While the 14th Finance Commission had continued to use the 1971 Census, assigning it 17.5% weightage, it also introduced the 2011 Census, giving it 10% weightage. However, unlike its predecessor, the 15th FC has chosen to completely scrap the 1971 Census. It has assigned 15% weightage to the population criterion that is now entirely dependent on the 2011 Census. The Commission has further justified doing so, stating that it had “no further choice” given that the ToR had specifically stated to use the 2011 population data.
However, to offset the concerns of some of the south states, the FC has added a new determinant – demographic performance, assigning it a weight of 12.5%. This uses total fertility rate (TFR) as a measure, rewarding states with lower TFR. Fertility rate is the average number of children a woman has. Arguing that TFR also is an indirect indicator of outcomes like health and education, the Commission hopes to allay some of the fears of states like Kerala that have controlled their population and have achieved better human capital over the years.
Another performance-based criterion is tax effort, which has been re-introduced after ten years. States that collect higher taxes will be rewarded by this parameter. A weight of 2.5% has been assigned to tax effort.
While the 15th FC has maintained 15% weightage to the area criterion, it has chosen to significantly increase the weight assigned to forest cover. From 7.5%, the Commission has now assigned a weight of 10% for forest cover, choosing to reward states that have “provided ecological services” to the country.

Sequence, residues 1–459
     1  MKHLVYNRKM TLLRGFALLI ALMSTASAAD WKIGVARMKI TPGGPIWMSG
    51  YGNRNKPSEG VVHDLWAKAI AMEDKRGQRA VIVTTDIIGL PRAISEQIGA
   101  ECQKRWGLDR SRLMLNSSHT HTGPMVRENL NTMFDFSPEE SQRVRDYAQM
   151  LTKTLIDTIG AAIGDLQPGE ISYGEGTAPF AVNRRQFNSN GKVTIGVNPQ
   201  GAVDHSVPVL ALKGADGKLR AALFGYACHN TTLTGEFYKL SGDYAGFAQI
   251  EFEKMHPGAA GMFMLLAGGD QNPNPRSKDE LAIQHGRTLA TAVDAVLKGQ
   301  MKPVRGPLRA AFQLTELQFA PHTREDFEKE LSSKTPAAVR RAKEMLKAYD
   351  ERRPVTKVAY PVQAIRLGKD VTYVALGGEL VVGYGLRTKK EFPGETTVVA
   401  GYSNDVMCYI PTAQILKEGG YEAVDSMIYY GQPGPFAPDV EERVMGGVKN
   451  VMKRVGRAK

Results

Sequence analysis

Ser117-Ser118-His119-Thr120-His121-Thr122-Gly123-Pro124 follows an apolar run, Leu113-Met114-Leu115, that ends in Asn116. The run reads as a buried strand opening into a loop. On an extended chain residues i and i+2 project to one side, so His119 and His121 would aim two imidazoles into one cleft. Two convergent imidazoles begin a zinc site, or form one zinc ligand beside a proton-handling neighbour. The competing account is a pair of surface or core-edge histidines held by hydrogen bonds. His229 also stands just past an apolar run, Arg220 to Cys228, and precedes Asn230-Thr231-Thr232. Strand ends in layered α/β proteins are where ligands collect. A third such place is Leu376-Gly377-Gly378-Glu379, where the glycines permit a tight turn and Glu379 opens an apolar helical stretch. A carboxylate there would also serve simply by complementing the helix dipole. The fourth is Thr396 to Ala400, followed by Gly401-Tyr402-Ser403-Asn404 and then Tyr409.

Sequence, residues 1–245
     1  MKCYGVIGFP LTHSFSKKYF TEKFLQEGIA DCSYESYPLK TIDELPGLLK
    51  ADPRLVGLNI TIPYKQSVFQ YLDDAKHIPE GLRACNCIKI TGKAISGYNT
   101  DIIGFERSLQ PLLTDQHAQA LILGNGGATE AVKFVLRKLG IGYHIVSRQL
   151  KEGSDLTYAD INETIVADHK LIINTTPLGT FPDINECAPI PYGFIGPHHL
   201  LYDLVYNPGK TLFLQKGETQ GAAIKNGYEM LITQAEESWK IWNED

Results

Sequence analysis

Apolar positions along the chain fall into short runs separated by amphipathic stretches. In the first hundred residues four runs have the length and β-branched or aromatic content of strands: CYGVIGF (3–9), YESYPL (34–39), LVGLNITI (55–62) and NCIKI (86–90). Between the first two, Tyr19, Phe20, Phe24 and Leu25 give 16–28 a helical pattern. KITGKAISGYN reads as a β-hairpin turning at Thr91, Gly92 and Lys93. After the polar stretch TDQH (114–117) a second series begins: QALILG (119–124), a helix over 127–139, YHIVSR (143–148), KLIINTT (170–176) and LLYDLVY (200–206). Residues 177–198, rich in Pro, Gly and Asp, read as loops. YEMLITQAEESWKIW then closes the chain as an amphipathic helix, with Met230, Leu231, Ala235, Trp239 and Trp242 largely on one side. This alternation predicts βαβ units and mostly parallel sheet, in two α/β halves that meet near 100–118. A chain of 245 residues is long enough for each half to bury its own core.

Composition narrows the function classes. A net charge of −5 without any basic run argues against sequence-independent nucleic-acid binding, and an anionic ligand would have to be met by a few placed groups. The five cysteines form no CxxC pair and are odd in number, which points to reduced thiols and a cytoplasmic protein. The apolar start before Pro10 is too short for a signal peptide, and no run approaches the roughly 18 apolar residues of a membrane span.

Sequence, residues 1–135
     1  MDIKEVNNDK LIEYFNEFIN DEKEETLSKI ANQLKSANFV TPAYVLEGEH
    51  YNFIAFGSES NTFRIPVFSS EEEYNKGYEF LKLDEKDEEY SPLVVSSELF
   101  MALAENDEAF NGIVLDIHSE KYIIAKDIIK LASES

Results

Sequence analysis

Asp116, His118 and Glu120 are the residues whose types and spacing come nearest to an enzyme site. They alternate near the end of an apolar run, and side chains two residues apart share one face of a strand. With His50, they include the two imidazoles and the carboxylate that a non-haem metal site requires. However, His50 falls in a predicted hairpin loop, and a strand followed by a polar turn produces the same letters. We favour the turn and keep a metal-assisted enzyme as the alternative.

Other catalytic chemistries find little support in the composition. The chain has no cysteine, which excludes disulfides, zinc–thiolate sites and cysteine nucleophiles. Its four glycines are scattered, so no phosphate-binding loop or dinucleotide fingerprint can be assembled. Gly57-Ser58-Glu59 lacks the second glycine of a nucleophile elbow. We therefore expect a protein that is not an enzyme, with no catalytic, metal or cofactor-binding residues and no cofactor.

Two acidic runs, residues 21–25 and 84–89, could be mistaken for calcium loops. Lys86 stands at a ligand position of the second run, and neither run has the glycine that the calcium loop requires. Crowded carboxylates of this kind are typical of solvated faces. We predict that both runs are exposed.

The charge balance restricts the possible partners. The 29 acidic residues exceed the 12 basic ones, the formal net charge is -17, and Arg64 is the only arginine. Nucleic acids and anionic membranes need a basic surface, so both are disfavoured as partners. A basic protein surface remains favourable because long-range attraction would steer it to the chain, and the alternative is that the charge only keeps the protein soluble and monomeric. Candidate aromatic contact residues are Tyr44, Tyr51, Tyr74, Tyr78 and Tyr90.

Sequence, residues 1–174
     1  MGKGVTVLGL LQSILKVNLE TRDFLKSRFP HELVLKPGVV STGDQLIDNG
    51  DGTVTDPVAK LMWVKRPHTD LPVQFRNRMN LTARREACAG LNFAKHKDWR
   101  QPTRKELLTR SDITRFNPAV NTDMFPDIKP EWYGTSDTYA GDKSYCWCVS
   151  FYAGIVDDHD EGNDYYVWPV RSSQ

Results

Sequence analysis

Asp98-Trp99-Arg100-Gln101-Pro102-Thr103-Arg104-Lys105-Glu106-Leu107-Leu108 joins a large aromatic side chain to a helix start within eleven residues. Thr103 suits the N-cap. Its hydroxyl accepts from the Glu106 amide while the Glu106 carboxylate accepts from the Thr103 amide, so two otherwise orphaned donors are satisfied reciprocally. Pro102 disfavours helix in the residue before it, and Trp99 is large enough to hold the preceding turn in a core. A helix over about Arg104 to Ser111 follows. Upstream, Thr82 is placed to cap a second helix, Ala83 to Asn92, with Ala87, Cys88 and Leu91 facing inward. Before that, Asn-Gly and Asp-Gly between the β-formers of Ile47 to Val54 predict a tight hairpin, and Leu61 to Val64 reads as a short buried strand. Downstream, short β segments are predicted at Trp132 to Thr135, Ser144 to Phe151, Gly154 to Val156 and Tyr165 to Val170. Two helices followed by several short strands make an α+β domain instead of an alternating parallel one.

As far as equity-based criteria go, the Commission has decreased the weightage assigned to income distance (distance per capita income of a state) to 45% from 50% in the 14th FC. This criterion essentially attempts to bring poorer states on par with the rest, by allocating more funds to those with lower per capita income.
Based on these parameters the 15th FC has redistributed the tax share among the 28 states. The new allocations will significantly affect Karnataka, Kerala, Andhra, and Telangana, which will see a reduced share of tax revenue compared to the previous Finance Commission.
|Inter se share of states (in %)|
|State||13th FC fund||14th FC||15th FC|
Karnataka has seen the biggest cut, with its tax share slashed by 1.066 percentage points. The state will be given only 3.647% from the divisible pool as against 4.713% in the 14th Finance Commission. Officials estimate that this significant drop means Karnataka could stand to lose between Rs 9,000 and 11,000 crore from the Centre.